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#101784
I have some project in school and I need some help. So project is make an asm code (asemmbly code)for 4 digit x 7-segment(4 digit multiplexed 7-seg) some thing like driver...so I have to control digits by PORTC (bits 0,1,2,3) and control segment's leds by PORTB (B0,...,B7), by using timer0 overflow interrup and ATmega32..:!!interrupt time is about 4 ms. so how to show as example 0x1101 number on my segments?
I have done some code but I don't know how to continue::
here is my code

;----------------------------------------------
;7-Segment


;----------------------------------------------

.include "m32def.inc"

.equ Nbr_of_digits=4
.equ A=0x0111

.dseg
.org 0x60
t0_ovf_cnt: .byte 2 ;timer 0 overflow counter(16-bit)
B: .byte 2

.org 0x100
Result: .byte 20

.cseg
.org 0
jmp Reset

jmp EXT_INT0_SVC
jmp EXT_INT1_SVC
jmp EXT_INT2_SVC

jmp TIMER2_COMP_SVC
jmp TIMER2_OVF_SVC
jmp TIMER2_CAPT_SVC

jmp TIMER1_COMPA_SVC
jmp TIMER1_COMPB_SVC
jmp TIMER1_CVF_SVC

jmp TIMER0_COMP_SVC
jmp TIMER0_OVF_SVC

jmp ST_COMPLETE_SVC ;serial transfer complete
jmp RX_COMPLETE_SVC
jmp DR_EMPTY_SVC ;USART DATA Reg Empty
jmp TX_COMPLETE_SVC

jmp AD_READY_SVC
jmp EEPROM_READY_SVC

jmp ANA_COMA_SVC
jmp TWI_SVC ;2 Wire Serial Interface
jmp SPM_READY_SVC

RESET:
ldi r16, LOW(RAMEND)
out spl,r16
ldi r16,HIGH(RAMEND)
out sph,r16

ldi YL,LOW ( Result )
ldi YH,HIGH( Result )



call TIMER0_OVF_SVC_INIT
call ShowHex


sei ;Global Interrupt Enable


LOOP:
rjmp LOOP

TIMER0_OVF_SVC_INIT:


in r16,TCCR0
ori r16,(1<<CS00)
;ori r16,(1<<CS02)|(1<<CS00)
out TCCR0, r16

in r16,TIMSK
ori r16,(1<<TOIE0)
out TIMSK,r16

clr r16
sts t0_ovf_cnt,r16
sts t0_ovf_cnt+1,r16

ret

TIMER0_OVF_SVC:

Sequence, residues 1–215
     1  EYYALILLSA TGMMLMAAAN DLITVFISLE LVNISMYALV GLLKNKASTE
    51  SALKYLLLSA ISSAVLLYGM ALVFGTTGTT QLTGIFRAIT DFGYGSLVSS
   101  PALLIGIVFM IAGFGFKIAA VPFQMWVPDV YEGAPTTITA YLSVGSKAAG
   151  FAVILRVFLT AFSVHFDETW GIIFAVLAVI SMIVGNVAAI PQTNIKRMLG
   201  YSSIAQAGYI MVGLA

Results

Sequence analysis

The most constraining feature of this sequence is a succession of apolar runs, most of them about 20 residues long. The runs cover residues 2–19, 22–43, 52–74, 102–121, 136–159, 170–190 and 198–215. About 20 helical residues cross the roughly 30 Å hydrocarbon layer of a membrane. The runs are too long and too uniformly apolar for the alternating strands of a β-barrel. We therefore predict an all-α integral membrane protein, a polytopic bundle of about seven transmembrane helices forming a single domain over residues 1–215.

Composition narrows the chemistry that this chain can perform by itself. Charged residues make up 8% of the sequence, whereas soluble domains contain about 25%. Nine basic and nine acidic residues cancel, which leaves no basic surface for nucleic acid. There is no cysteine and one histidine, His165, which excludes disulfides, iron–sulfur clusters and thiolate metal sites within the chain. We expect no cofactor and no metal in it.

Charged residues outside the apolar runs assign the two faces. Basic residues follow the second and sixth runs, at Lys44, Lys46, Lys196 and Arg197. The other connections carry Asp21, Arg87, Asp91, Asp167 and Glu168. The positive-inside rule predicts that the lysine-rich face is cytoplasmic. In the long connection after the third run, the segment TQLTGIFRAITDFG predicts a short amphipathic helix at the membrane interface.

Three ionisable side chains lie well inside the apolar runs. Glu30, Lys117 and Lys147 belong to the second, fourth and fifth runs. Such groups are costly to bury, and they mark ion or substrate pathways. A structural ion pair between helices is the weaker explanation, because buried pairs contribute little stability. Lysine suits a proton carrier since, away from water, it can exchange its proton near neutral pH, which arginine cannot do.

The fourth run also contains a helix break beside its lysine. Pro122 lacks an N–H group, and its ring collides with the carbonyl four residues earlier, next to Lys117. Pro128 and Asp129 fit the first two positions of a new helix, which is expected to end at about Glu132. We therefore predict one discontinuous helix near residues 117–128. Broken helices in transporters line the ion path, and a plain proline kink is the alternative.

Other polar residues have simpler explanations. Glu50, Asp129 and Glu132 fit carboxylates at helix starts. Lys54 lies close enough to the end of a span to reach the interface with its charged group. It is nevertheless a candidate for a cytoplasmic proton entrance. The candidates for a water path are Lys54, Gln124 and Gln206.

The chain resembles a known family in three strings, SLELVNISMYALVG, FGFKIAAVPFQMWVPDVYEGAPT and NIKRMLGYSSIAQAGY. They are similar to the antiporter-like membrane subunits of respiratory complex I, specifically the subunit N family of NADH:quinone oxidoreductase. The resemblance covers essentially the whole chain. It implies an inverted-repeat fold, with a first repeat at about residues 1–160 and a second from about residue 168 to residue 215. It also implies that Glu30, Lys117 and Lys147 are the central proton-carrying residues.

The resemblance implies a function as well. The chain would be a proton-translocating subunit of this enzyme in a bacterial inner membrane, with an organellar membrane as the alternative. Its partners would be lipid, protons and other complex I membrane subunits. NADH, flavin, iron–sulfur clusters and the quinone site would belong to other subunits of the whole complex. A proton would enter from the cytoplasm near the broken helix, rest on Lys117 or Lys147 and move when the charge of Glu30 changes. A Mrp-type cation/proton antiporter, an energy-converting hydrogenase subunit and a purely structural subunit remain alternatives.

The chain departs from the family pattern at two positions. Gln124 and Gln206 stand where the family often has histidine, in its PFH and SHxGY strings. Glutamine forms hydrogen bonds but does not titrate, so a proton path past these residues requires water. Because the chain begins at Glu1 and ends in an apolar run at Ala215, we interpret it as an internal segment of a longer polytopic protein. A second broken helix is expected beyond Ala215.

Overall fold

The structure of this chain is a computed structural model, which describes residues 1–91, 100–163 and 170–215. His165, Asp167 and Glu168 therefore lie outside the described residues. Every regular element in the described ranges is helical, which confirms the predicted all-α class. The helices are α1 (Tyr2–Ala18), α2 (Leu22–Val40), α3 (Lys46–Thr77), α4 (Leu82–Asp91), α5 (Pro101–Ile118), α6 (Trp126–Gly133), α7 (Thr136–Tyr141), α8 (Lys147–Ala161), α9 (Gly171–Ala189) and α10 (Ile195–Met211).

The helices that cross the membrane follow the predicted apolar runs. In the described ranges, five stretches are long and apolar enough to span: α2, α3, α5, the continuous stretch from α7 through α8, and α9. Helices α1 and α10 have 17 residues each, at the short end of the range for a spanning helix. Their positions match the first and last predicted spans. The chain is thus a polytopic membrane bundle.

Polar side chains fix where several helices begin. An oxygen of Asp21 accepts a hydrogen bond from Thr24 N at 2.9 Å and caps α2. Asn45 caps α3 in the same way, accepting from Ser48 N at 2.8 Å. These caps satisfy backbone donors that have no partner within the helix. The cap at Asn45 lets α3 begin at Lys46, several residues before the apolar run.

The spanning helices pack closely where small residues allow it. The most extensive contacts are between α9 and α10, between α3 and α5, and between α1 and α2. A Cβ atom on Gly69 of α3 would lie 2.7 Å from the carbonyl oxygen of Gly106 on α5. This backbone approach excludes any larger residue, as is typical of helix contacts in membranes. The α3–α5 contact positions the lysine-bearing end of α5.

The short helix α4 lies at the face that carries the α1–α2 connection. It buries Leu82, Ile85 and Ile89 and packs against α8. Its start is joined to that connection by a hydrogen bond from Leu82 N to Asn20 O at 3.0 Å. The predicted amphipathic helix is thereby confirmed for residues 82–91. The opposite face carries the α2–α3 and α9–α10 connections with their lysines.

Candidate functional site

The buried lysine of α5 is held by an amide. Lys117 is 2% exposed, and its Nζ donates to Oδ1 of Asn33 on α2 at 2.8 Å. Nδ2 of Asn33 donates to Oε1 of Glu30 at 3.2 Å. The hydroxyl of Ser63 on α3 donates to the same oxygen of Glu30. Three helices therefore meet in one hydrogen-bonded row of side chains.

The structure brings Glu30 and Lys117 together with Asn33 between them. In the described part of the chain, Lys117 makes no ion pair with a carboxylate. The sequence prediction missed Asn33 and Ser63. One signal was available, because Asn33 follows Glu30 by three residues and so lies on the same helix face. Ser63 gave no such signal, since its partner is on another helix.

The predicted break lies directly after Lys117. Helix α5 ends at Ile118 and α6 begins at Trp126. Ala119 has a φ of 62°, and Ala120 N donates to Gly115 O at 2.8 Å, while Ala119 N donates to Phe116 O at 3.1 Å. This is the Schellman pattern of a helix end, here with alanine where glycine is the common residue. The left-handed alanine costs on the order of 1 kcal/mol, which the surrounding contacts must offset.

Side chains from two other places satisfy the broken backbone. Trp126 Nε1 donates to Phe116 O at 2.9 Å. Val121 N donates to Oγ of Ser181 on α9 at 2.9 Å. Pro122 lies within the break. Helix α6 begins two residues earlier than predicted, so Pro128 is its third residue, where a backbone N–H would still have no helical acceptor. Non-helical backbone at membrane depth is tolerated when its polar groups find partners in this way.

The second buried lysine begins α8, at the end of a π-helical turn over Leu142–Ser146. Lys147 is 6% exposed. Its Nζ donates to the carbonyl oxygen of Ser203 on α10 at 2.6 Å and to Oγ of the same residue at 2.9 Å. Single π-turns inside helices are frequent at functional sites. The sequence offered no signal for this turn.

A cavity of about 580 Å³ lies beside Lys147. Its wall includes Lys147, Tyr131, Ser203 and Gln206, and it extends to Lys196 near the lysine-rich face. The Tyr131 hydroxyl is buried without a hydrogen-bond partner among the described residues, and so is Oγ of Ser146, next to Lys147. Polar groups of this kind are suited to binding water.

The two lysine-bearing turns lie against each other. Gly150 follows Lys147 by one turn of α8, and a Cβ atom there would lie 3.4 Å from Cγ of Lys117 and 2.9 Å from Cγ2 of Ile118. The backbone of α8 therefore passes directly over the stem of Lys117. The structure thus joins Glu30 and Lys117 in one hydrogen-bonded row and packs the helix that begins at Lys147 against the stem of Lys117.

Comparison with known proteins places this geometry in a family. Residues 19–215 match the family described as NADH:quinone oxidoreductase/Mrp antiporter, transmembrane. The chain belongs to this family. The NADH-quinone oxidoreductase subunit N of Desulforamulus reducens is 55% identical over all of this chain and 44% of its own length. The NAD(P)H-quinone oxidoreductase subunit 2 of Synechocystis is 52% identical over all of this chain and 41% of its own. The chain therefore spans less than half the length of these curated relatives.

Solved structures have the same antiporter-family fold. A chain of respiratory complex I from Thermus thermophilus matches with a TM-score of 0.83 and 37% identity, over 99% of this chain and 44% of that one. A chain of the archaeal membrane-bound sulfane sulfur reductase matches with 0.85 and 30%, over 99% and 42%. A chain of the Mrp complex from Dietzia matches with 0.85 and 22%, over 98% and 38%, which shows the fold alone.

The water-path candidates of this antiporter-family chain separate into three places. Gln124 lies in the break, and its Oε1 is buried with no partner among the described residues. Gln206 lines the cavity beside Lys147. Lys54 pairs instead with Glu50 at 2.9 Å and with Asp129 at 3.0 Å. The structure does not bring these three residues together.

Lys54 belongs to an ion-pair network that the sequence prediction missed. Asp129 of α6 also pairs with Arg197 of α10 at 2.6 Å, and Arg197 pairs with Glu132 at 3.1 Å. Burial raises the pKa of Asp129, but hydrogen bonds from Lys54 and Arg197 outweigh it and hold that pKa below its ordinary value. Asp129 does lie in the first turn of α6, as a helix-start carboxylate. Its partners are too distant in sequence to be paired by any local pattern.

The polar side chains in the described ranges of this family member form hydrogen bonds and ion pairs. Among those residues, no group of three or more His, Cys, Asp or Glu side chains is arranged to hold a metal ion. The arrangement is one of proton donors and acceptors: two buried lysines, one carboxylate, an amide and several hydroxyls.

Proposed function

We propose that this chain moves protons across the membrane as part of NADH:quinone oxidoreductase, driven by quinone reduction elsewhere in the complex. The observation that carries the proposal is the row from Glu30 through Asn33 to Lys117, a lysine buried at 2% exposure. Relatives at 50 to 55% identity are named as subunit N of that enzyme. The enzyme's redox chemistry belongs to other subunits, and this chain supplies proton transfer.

push r24
in r24,SREG
push r24
push r25

lds r24,t0_ovf_cnt
lds r25,t0_ovf_cnt+1
adiw r25:r24,1
sts t0_ovf_cnt,r24
sts t0_ovf_cnt+1,r25


pop r25
pop r24
out SREG,r24
pop r24
sei
ldi r19,Nbr_of_digits
dec r19
breq TIMER0_OVF_SVC_INIT


reti

EXT_INT0_SVC:
EXT_INT1_SVC:
EXT_INT2_SVC:
TIMER2_COMP_SVC:
TIMER2_OVF_SVC:
TIMER2_CAPT_SVC:
TIMER1_COMPA_SVC:
TIMER1_COMPB_SVC:
TIMER1_CVF_SVC:
TIMER0_COMP_SVC:
;TIMER0_OVF_SVC:
ST_COMPLETE_SVC:
RX_COMPLETE_SVC:
DR_EMPTY_SVC:
TX_COMPLETE_SVC:
AD_READY_SVC:
EEPROM_READY_SVC:
ANA_COMA_SVC:
TWI_SVC:
SPM_READY_SVC:

reti

Hex2Bin:

ldi ZL,LOW ( ConvTbl<<1 )
ldi ZH,HIGH( ConvTbl<<1 )

andi r16,0x0f
clr r17

add ZL,r16
adc ZH,r17

lpm r16,Z
st Y+,r16
ret
.org 0x200
ConvTbl:
.db 0b00111111,0b00000110,0b01011011,0b01001111,0b01100110,0b01101101
.db 0b01111100,0b00000111,0b01111111,0b01100111,0b00001010,0b00001011
.db 0b00001100,0b00001101,0b00001110,0b00001111

ShowHex:
ldi r16,LOW(A)
ldi r17,high(A)

sts B,r16
sts B+1,r17
call Hex2Bin

ret
#101871
OK, each 7-segment digit is made up of 7 LEDs (well, 8, including the decimal point) - these will be set up "common anode" or "common cathode", (let's assume for the moment it's common cathode) so to made the digit show a certain number, you pull the common cathode low and drive some of the anodes high...